Unfortunately, as readers of this blog also know, this well intended concept has transformed into a tripwire of litigation with boundaries that are so unclear that many credit unions simply avoid using any technology which could potentially trigger TCPA compliance concerns.  According to CUNA’s Supreme Court amicus, 76% of credit unions responding to a 2017 survey reported that it is very difficult or somewhat difficult to determine whether or not their communications are TCPA compliant.  The result, according to the survey, is that 75% of responding credit unions have curtailed the use of more efficient technology simply to avoid running afoul of the TCPA and its strict liability for penalties of $500 per violation.  In fact, American Airlines federal credit union has abandoned the use of automatic technology altogether.  This is a remarkable concession from a $5.6 billion credit union with 235,000 members.

The core of the confusion comes down to the answer to that classic School House Rock ditty “Conjunction Junction, what’s your function?”  Under §227 (a) an “automatic telephone dialing system” means equipment which has the capacity (A)to store or produce telephone numbers to be called, using a random or sequential number generator; and (B)to dial such numbers.

As succinctly explained in CUNAs brief, the court is being asked to decide whether the TCPA encompasses any device that can store and automatically dial telephone numbers, even if it does not use a random sequential generator.  If the answer is yes, then virtually any communications device this side of the iPhone triggers TCPA compliance.

September 14, 2020 at 9:32 am Leave a comment

New York and OCC Battle Over What Is A Bank

When is a bank a bank?  The answer to this question is not simply of interest to your faithful blogger.  It has real important practical consequences for your credit union and the competition it will be facing in the coming years.  Simply put, at what point do the Apples of the world become so intertwined with traditional banking activity that they should be subject to at least some of the same safety and soundness constraints as banks and credit unions?

The answers to some of these questions will begin to be answered sooner than you might think and New York’s Department of Financial Services is playing a leading role in the debate.  Politico has reported that Acting Comptroller of the Currency Brian Brooks plans on shortly allowing payment processors to apply for federal charters with the OCC.  It is not entirely clear from the article, but the OCC is either prepared to argue that payment processors can be licensed under its proposed FinTech charter or can be granted a separate charter unique to their business model.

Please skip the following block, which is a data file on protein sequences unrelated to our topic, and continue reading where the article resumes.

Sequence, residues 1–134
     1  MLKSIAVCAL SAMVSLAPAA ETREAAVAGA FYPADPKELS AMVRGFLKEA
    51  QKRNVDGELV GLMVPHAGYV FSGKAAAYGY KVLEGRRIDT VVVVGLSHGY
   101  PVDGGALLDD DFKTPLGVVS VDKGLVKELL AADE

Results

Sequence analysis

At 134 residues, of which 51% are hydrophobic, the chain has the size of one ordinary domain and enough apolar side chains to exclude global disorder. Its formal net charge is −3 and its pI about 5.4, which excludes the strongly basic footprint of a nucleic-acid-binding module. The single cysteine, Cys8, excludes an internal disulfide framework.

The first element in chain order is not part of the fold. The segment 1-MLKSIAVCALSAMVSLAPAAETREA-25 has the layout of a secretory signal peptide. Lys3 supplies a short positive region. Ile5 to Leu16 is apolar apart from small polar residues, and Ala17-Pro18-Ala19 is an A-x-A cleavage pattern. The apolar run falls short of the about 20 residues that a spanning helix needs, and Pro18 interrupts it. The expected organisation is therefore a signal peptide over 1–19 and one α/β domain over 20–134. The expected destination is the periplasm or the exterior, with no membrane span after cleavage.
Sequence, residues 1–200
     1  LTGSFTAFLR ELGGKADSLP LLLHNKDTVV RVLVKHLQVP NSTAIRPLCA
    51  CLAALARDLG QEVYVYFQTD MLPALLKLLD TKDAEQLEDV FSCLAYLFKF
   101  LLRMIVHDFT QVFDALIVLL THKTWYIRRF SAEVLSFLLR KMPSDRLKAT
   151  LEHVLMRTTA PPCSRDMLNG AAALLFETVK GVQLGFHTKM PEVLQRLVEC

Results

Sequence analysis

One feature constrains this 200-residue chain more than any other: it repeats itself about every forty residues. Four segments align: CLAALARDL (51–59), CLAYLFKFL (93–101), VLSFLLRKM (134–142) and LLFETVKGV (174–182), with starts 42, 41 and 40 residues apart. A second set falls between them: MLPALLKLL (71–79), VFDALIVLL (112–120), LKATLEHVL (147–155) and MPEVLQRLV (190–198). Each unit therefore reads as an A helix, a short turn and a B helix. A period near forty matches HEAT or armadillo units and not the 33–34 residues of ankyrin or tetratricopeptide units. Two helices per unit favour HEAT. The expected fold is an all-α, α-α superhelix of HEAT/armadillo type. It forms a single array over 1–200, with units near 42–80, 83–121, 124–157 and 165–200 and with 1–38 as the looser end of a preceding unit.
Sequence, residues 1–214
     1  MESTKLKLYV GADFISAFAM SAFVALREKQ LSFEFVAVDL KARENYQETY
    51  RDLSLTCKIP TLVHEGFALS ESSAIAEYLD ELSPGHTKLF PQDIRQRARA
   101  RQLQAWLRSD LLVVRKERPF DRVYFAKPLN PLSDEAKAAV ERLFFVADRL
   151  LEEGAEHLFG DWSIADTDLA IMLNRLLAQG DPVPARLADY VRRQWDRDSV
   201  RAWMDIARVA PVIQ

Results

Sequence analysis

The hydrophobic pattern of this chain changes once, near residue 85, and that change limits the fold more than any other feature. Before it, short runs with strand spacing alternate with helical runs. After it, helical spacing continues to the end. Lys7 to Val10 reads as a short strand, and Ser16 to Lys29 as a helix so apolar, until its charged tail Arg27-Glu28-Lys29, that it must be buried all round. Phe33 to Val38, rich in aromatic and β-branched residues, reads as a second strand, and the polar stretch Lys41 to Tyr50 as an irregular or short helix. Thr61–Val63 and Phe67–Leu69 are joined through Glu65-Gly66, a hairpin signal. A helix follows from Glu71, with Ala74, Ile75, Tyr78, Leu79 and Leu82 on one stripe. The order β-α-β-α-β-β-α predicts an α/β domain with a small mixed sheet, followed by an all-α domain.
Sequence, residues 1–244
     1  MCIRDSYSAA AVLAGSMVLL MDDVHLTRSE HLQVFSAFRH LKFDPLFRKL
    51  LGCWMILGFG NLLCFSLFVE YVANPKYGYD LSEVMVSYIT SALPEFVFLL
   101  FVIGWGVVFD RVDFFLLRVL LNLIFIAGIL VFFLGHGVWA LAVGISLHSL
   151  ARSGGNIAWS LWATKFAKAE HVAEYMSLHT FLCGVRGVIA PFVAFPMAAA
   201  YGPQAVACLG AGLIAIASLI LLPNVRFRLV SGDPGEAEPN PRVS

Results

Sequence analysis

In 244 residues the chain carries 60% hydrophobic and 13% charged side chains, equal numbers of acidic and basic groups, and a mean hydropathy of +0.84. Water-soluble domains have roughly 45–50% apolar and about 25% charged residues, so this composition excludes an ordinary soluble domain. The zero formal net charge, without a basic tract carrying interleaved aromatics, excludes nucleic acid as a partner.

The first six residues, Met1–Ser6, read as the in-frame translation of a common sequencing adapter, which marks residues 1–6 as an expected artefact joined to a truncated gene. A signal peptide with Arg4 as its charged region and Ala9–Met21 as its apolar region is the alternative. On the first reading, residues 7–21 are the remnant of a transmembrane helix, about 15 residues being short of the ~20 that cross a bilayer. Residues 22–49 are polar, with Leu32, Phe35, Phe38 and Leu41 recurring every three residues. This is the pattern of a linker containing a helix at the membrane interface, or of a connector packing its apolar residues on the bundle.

This news comes as New York is suing the OCC over its authority to charter FinTechs which help process bank transactions but don’t hold deposits.  A case is before the Court of Appeals for the 2nd Circuit.  DFS argues that the OCC has no authority to grant charters to FinTechs because they don’t accept deposits.  The OCC argues that deposit taking is not a mandatory criterion to be chartered by the OCC.

Even as a decision in the lawsuit is pending, the OCC and DFS have continued their increasingly public debate.  On Wednesday (Law360 subscription required) acting OCC Comptroller of the Currency Brian Brooks and DFS Superintendent Linda Lacewell both appeared at a forum sponsored by the Cato Institute.  Brooks took the opportunity to argue that there is nothing in the national bank act which precludes the OCC from chartering non-depositories.

If he is correct, then over time you will see the nationalization of businesses such as mortgage bankers and licensed lenders who have historically been subject to state consumer protection laws which are generally more extensive than federal requirements.

No matter which side ultimately wins the debate, recent events have underscored just how loosely regulated the payment processing industry is, even as it continues to be free of the traditional regulatory oversight imposed on financial institutions. Recently the CEO of one of the most high profile payment processors, German based Wisecard, was arrested after the company was unable to account for $2.1 billion missing from its balance sheet.

September 11, 2020 at 12:46 pm Leave a comment

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Authored By:

Henry Meier, Esq., Senior Vice President, General Counsel, New York Credit Union Association.

The views Henry expresses are Henry’s alone and do not necessarily reflect the views of the Association. In addition, although Henry strives to give his readers useful and accurate information on a broad range of subjects, many of which involve legal disputes, his views are not a substitute for legal advise from retained counsel.